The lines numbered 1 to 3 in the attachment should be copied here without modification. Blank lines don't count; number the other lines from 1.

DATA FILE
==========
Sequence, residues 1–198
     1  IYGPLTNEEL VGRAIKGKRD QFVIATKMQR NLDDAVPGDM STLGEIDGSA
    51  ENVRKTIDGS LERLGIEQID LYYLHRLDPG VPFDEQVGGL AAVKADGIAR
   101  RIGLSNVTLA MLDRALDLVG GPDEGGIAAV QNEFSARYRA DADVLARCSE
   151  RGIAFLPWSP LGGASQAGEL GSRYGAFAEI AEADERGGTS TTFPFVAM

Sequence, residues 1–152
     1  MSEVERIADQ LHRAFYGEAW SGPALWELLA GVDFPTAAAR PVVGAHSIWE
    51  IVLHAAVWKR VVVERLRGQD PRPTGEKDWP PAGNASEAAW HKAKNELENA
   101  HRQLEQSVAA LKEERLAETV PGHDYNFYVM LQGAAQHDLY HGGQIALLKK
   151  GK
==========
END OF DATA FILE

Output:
Sequence, residues 1–198
     1  IYGPLTNEEL VGRAIKGKRD QFVIATKMQR NLDDAVPGDM STLGEIDGSA
    51  ENVRKTIDGS LERLGIEQID LYYLHRLDPG VPFDEQVGGL AAVKADGIAR